I thank Jim Burwell (known as Jim B, 3/23/1898 – 9/8/74) for suggesting AA’s Third Tradition: “The only requirement for membership is a desire to stop drinking.” He is the author of “A Vicious Cycle” found in the second and fourth editions of the Big Book. Jim was an atheist and worked to tone down the God bit in the first draft of the Big Book. This resulted in the use of the terms “Higher Power” and “God as we understand him.” Without this compromise AA might not have grown like it has.
What we do need, however, is more literature for non-believers. A recent book by Joe C., Beyond Belief – Agnostic Musings for 12 Step Life, is a good book for those who like a daily reader.
I have talked to people who have left AA because of so much God talk. Because of this I wanted to start a less religious meeting. I looked for people at meetings who did not pray with the group and did not mention god or higher power in their shares. I found Dan H. and Lee S. and we started a We Agnostics meeting. Our first meeting was held in Columbus on January 4, 2011.
I obtained the format for the meeting by writing to a We Agnostics group in California. A member was kind enough to send it to me. It is an open discussion meeting and very similar to other AA meetings, except that we do not pray at the beginning and end of the meeting. God and a Higher Power are usually not mentioned unless a newcomer asks how we do AA or the Steps without either. We say the Responsibility Declaration at the end of the meeting.
There have been several visits from the Membership Committee of the area Intergroup, which publishes the Central Ohio Directory of AA meetings. They seem to be looking for a reason to take us out of the Directory. So far we are hanging in there. We celebrated our second anniversary at the Dublin Hospital at 7:00 PM on January 1, 2013. We usually have 10-20 attendees who are most grateful for this type of meeting.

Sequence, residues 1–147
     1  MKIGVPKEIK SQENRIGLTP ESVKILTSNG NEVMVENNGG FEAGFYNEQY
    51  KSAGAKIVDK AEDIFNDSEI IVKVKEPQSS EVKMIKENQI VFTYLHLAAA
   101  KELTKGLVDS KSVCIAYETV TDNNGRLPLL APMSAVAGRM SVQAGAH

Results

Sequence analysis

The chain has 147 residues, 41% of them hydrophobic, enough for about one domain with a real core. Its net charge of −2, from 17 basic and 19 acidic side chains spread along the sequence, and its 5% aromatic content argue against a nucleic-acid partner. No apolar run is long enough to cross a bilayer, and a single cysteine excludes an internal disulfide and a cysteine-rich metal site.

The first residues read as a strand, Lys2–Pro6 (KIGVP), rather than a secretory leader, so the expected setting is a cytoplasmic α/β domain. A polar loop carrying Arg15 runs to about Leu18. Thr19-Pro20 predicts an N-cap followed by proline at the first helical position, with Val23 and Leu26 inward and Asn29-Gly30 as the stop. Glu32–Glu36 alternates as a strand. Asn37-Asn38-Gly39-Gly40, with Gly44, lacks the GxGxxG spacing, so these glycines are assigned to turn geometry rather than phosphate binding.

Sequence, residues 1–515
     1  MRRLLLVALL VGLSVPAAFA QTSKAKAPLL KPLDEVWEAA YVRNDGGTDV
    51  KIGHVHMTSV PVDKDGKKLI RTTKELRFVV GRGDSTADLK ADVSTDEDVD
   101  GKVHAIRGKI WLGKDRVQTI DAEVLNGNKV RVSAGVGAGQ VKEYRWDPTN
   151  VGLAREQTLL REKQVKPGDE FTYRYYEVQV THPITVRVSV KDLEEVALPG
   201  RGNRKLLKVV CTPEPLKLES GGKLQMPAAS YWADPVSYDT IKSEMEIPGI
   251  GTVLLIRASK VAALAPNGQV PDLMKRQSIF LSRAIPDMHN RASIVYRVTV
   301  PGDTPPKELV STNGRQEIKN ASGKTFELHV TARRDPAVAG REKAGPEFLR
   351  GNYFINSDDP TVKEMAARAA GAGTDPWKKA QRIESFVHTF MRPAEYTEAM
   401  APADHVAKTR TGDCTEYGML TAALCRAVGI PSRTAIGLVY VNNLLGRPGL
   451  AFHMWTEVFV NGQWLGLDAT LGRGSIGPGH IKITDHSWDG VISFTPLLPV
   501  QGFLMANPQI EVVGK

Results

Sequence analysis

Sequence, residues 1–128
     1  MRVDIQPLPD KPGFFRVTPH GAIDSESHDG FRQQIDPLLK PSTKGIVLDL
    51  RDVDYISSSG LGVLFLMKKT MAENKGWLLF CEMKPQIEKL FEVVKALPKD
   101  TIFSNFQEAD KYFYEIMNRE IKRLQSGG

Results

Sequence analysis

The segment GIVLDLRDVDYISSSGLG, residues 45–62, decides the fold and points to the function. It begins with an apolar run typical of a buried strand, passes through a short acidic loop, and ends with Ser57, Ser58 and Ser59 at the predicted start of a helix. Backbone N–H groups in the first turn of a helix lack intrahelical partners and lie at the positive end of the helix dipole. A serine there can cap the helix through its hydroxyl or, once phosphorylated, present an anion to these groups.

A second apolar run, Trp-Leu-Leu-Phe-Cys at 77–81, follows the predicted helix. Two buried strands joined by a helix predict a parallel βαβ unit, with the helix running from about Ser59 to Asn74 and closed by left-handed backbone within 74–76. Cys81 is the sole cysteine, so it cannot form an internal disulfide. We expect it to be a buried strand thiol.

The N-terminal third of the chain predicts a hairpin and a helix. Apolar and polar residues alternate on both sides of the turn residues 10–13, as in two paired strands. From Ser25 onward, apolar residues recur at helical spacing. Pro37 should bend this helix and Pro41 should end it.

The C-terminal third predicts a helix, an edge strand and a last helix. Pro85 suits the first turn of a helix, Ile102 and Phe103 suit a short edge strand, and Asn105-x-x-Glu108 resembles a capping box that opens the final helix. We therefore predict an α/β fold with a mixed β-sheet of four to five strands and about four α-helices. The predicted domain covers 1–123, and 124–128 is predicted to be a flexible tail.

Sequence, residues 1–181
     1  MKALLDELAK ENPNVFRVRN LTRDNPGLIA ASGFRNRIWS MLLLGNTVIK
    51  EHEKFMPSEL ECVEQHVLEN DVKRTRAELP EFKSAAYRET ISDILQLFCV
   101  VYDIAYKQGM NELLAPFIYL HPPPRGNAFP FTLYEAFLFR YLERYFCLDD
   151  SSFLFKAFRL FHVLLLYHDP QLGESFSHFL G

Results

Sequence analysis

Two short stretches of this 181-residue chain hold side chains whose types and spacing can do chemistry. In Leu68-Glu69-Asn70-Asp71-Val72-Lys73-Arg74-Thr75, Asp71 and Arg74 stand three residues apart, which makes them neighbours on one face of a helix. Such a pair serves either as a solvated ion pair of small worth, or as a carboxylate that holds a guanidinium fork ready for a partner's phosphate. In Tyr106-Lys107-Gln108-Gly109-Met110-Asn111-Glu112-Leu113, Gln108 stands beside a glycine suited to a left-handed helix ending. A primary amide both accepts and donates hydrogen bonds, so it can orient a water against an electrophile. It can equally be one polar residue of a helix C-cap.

I am responsible…
When anyone, anywhere,
reaches out for help, I want
the hand of A.A. always to be there.
And for that: I am responsible.
And that includes non-believers.
 Discover Magazine, January 2, 2011, Page 81, Science Explains Why Breaking Up is Hard to Do.
Ed’s professional experience spans 50 years and includes top management financial positions at large corporations and small not-for-profits. He has two sons and lives with his wife, Nita, and their yellow lab, Morgan. Ed retired in 2013 at the age of 71 and enjoys cooking and is active in three book clubs. He takes the Steps seriously and that includes the Twelfth Step. He is a volunteer guardian (appointed by the court to make medical decisions for patients who are not capable themselves and have no relatives to help them) and a hospice volunteer who sits with the terminally ill. In 2010, Ed received a CFO of the Year – Honorable Mention Award for his service as CFO of the House of Hope for Alcoholics, a rehab treatment facility in Columbus, Ohio. Ed has been a sober non-believer in AA for 26 years.